How They Did It: Historic Innovation

Nov 03, 2015

This homeowner was preparing to restore a historic lakeshore home to its previous glory when they hired Union Place, Inc. to install the audio/video, automation, and control systems. The overriding theme was to design an innovative technology system that would maintain the historic look and feel of the home, but still integrate the latest in automation, distributed audio/video, and lighting control.

This project won Union Place, Inc. Best Innovative Solution in the 2015 CEDIA Awards.


Lighting control was the largest challenge; there was no option to use anything that would be out of the period – no paddle dimmers or engraved keypads.

Secondly, most of the equipment had to be completely hidden. The A/V gear was not an issue, but room by room, Union Place, Inc. recommended a solution that would fit within the design parameters and feel set in the original period of the home.

Lastly, the homeowner had previously built a home theater that expanded into a whole-home audio/video system, and they wanted to upgrade to a more integrated and reliable system. They also wanted to incorporate surveillance, security, HVAC, and lighting control in addition to audio/video from multiple phones and tablets.


The lighting solution was the most challenging, but ultimately the revelation came when Union Place uncovered a company making antique reproductions of push-button switches. In addition to standard dimmers, they furnished a low-voltage contact closure version that allowed installation in a traditional manner to please the design committee, but still offer full home lighting automation for the homeowners.

The Savant Panelized lighting system was the solution when paired with their contact closure input panels. The entire home was wired with low-voltage controls, and that allowed programming of not just basic on/off but also dimming via hold and scenes – all of which would track on the control app while appearing to be original to the home.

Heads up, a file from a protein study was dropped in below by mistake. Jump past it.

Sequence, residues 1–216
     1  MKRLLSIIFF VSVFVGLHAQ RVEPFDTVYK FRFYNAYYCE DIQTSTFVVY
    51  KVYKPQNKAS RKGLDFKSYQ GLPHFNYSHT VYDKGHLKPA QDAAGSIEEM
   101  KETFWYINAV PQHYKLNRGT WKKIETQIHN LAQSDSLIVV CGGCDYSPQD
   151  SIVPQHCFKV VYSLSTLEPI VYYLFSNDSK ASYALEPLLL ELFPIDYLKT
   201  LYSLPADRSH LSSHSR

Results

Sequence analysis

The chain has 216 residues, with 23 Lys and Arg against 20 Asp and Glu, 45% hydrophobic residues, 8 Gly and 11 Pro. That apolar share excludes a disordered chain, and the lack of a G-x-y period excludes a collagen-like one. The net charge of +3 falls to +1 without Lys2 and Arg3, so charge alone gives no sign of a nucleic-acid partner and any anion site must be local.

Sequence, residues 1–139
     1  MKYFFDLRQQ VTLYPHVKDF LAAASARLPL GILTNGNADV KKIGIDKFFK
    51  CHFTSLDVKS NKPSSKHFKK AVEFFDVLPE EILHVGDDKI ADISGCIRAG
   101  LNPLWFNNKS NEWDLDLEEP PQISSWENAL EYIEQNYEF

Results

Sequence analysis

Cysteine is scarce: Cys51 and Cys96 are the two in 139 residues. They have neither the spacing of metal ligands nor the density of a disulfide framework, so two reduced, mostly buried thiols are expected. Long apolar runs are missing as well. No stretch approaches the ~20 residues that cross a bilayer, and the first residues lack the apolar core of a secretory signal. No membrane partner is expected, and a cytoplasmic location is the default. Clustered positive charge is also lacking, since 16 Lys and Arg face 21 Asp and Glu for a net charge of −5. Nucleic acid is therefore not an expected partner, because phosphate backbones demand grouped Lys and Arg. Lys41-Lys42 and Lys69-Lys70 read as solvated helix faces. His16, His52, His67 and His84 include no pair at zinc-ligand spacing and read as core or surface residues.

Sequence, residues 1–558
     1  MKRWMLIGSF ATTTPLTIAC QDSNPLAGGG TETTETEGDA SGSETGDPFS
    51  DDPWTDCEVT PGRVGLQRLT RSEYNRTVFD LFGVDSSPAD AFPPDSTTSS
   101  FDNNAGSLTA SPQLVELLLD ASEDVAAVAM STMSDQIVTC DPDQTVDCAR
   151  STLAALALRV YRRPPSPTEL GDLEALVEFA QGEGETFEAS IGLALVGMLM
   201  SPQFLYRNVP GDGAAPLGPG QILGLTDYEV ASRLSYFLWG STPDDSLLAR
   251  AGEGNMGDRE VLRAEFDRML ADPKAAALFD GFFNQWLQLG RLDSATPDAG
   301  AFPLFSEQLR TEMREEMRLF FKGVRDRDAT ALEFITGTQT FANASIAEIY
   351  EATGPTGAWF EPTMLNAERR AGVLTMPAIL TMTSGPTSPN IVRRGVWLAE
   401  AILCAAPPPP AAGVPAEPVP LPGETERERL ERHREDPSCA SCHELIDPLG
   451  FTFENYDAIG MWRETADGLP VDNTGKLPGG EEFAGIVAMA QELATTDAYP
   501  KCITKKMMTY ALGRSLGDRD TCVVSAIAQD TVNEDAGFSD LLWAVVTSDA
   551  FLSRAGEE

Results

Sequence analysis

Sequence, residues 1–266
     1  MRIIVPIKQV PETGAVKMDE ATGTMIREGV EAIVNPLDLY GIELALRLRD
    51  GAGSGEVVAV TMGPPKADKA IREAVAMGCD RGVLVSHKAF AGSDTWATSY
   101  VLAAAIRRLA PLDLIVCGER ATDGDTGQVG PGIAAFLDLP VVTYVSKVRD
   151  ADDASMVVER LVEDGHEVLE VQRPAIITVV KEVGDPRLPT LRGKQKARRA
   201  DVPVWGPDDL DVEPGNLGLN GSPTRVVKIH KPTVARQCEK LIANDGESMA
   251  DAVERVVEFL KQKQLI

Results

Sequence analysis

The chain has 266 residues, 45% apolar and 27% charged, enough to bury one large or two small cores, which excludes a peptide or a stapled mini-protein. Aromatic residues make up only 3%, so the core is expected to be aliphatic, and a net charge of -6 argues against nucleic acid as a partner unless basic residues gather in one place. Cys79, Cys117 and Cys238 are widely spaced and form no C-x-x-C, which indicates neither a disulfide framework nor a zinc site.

The second challenge was concealing the speakers. The same rigid standards were used in selecting solutions that would be concealed. In the few areas with televisions, custom LR or LCR soundbars were used, as well as speakers that integrated within the sheetrock, solid drive transducers, and architectural speakers with concealed or compact openings.

Lastly, a TV was concealed in a wall of dialectic mirrors to further conceal the true identity of the home.

Design/Engineering Approach

This was a true design-build. Many changes were made, including modifying cabinets and removing speakers to install a more appropriate hidden technology. The speakers were custom-ordered in colors to match the paint colors of the residence, but when those changed, the speakers were repainted to match.

Many selections of brass, nickel, and enameled wall plates were sampled, and the final selection was custom-distressed by the builder. Union Place was able to incorporate an audiophile listening system with a turntable and still distribute the audio to the entire house as well as the 2,000-sq.-ft. carriage house.



CEDIA blog posts are intended to provide general information and should not be regarded as legal opinions or advice.

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